There are several characteristics that a resin must have in order to be useful as a tool backing. Resins must provide chemical adhesion to the surfaces of the materials, promoting intimate contact between the resin and filler or fiber on the molecular level. A resin undergoes a polymerization (in the case of organic resins) from a liquid state to a solid state. In the solid state, the resin must maintain useful strength and stiffness at the anticipated operating temperatures in order for the composite structure to perform as a whole. The upper temperature limit of usefulness of any composite, and therefore the backing structure, is directly dependant on the stiffness and strength of the resin at that temperature. Which upper limit is frequently defined with respect to the "glass transition temperature" or "Tg " of the resin. The following are examples of preferred resins that can be used to fabricate the tool 10. A particular resin is selected based upon the anticipated tool operating temperature:

______________________________________Resin          °F.______________________________________Polyester      150-250Epoxy          350-450Bismaleimide   450-600Polyamide      600-750______________________________________

The above sets out the approximate upper operating temperature of the tool 10. With a use of selected fillers and fibers, hereinafter referred to as fibers, the combination of resin and fibers will provide a backing that has enhanced strength, good thermal diffusity, exhibits minimum thermal expansion, and has low density as compared to earlier composites. Specifically, the backing of the present invention preferably utilizes several types of fibers for reinforcement and for the useful properties they lend to the composite backing material. The preferred fibers are characterized by their aspect ratio. Aspect ratio is the ratio of the length to the average diameter of a single reinforcement and is also called L/D or L to D ratio. Fillers with a 1 to 1 aspect ratio are usually spherical or cubic.

Fibers were found to contribute improvements to the neat resin as follows:

Very small fibers 19, shown essentially as spheres, egg shaped, and the like, in FIGS. 2 through 5 and in Examples 2 and 3, are on the order of 7-13 microns in diameter, with lengths of 50 to 200 microns, and acted primarily as resin modifiers, increasing the stiffness of the resin. Thereby significantly increasing the overall composition strength (some two to four times over neat resin compositions). Such fibers have aspect ratios ranging of from 10 to 20.

Larger low (2-5) aspect ratio fibers 20, shown as short fibers in FIGS. 2 through 5, include aluminum fibers having diameters of 0.010 to 0.060 inches with lengths of 0.050 to 0.150 are shown in Examples 1 through 3, hereinbelow. These fibers were included as basic space fillers to provide good thermal conductivity, machinability to the composition, to replace a large quantity of the resin, and for achieving higher compression strength. With their use, the overall shrinkage and thermal expansion of the composite was found to be significantly lower than earlier composites, approximately 0.025% linearly for aluminum fibers.

Large higher aspect ratio fibers are shown as long fibers in FIGS. 2 through 5 and in Example 3, and have diameters of 0.005 to 0.060 and aspects of 15 to 1 through 125 to 1. These longer fibers 21 provide critical high temperature strength as well as greatly improved thermal conductivity. They transfer loads across numerous small and short fibers 19 and 20, thus rigidizing the overall composite at higher temperatures. The combination of the select resin with the selected fibers 19, 20 and 21 that is essentially the backing 18 of FIGS. 2 through 5, minimizes resin content so as to produce a lower density backing (25-75 pounds per cubic foot), thereby reducing both the cost and weight of that backing 17, and increasing thermal diffusivity through reduced mass. Improved thermal conductivity is provided with high aspect ratio fibers (greater than 30), the long fibers producing a close packed lattice structure to transfer loads therethrough as well as to provide good thermal conductivity.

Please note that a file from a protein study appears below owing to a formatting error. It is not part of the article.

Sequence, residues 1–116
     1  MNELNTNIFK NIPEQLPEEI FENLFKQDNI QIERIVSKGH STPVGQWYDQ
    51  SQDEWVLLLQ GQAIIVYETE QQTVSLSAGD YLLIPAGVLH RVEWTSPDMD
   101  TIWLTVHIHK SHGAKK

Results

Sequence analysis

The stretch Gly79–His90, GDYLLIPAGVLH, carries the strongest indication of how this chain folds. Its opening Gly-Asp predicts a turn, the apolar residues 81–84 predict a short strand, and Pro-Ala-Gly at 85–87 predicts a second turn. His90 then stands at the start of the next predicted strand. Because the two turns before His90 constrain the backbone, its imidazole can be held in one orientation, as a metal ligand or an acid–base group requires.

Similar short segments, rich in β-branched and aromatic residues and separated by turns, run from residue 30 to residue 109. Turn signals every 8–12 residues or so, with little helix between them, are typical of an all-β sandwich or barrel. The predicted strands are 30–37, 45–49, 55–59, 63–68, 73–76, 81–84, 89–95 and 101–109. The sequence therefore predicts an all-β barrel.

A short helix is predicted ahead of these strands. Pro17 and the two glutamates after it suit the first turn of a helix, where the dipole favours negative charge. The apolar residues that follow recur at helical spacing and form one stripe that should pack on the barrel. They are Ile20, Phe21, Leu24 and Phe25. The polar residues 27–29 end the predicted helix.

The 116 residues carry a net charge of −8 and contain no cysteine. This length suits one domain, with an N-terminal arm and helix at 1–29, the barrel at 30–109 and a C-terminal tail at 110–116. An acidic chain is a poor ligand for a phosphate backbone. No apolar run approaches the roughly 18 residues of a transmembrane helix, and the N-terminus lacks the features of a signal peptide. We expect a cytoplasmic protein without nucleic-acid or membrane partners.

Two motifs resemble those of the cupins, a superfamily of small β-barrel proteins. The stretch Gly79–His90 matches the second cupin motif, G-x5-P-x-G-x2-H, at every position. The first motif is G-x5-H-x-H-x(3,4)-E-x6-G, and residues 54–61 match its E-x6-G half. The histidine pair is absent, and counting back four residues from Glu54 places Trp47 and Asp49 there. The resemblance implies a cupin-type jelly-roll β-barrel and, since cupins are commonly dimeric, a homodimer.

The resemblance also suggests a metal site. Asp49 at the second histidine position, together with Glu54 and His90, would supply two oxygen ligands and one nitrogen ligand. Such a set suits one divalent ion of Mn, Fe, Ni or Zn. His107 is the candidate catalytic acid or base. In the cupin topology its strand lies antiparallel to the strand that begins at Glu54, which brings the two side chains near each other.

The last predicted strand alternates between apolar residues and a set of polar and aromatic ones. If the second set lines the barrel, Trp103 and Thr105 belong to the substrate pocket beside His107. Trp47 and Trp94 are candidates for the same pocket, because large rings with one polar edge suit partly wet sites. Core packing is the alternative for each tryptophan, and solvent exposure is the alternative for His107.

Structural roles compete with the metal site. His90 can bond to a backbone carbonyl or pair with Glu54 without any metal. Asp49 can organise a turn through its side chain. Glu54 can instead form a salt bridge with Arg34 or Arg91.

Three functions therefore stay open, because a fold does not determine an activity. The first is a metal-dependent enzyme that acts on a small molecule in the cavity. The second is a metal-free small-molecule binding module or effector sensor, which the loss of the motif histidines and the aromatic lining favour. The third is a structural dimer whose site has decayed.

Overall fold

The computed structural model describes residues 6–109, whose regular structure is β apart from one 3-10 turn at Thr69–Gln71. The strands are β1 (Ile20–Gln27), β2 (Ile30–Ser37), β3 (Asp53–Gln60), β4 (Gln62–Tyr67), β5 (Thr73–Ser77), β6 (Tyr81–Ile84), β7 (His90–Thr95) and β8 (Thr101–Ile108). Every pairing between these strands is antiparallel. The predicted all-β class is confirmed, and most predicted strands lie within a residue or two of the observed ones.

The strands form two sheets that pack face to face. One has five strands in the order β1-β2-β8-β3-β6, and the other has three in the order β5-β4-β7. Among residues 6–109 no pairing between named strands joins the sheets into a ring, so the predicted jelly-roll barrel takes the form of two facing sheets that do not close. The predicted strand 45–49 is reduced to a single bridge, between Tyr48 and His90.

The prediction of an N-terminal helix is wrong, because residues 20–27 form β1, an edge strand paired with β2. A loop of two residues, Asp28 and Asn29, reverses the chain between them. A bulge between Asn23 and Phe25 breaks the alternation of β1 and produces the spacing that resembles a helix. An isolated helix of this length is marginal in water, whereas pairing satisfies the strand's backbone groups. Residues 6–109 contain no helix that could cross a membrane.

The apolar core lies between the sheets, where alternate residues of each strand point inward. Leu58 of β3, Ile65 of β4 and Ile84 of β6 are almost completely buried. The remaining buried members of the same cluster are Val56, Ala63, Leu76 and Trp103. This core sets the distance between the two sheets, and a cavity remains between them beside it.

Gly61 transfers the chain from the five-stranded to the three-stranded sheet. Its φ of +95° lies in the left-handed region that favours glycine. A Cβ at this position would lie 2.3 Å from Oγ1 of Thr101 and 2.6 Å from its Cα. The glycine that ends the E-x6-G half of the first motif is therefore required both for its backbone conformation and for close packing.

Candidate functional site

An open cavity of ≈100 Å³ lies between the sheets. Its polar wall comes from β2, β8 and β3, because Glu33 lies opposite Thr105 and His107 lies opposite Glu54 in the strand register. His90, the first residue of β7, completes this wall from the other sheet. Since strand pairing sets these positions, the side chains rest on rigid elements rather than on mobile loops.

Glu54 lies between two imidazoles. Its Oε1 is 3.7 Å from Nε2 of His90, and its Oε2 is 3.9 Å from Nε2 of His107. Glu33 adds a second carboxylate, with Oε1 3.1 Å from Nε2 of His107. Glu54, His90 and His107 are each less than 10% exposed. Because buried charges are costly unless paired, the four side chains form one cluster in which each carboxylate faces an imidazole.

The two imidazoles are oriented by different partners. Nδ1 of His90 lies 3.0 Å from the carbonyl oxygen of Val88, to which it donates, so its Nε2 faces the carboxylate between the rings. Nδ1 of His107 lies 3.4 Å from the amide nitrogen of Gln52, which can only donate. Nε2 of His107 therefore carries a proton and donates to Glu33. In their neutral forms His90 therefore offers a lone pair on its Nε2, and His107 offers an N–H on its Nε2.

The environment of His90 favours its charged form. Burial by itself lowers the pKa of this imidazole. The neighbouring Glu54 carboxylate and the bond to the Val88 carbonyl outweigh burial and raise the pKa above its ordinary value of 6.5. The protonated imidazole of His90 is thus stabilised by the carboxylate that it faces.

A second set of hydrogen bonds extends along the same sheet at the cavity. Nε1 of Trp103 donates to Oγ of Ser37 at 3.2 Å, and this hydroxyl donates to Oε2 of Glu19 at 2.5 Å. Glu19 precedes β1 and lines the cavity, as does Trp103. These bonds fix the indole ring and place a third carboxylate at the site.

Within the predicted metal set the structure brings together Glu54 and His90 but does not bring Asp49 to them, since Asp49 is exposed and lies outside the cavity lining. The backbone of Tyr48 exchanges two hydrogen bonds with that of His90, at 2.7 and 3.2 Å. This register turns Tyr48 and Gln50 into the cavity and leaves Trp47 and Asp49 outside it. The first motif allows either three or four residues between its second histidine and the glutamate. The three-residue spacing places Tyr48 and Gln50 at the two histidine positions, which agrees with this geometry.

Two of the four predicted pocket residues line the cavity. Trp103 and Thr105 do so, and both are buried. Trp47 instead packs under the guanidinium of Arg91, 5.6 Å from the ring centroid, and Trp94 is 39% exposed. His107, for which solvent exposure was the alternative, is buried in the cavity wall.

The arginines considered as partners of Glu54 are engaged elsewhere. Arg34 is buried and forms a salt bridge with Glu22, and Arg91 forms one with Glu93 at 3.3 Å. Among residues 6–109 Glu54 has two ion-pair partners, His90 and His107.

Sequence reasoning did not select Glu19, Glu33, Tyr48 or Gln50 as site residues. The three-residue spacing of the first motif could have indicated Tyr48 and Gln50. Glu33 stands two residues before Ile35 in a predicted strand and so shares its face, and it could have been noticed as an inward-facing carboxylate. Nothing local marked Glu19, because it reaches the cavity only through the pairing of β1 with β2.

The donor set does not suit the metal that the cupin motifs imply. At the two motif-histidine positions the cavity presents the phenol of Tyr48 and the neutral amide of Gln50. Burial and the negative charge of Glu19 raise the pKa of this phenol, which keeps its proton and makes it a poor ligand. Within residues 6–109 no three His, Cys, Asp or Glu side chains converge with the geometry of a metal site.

As set out above, the respective long fibers 21 present a lattice that also includes small and short fibers 19 and 20, whereto the selected resin adheres and binds to. A three dimensional representation of that mix is shown as a cube in FIG. 5. To further enhance resin adhesion with the individual fiber surfaces, for enhancing intimate contact, and chemical bonding, the fibers are preferably treated. Such treatment includes the removal of surface deposits and is to create pitting that the resin will flow into and provide mechanical and chemical adhesion with. Such treatment can consist of an acid or alkaline etch, or the like, as set out in the examples included herein below.

Shown in FIGS. 2 and 4, the tool 10 also preferably includes heating tubes 22 installed at spaced intervals therein adjacent to the pattern cavity 13. Tubes 22 can be open, as shown to circulate a heated fluid therethrough, or can contain electrical heating elements. The tubes 22 are included to provide for heating of tool 10 from the inside out, the heat conducted through backing 17 to the tool face. Further, the tool 10 can be heated within an oven, or the like, within the scope of this disclosure.

Hereinbelow are set out examples of the unique materials combination capability as compared to an industry standard:

NOTES TO EXAMPLES: 1. Contribution of Constituent Materials

1.1 Resin or other binders (organic or inorganic)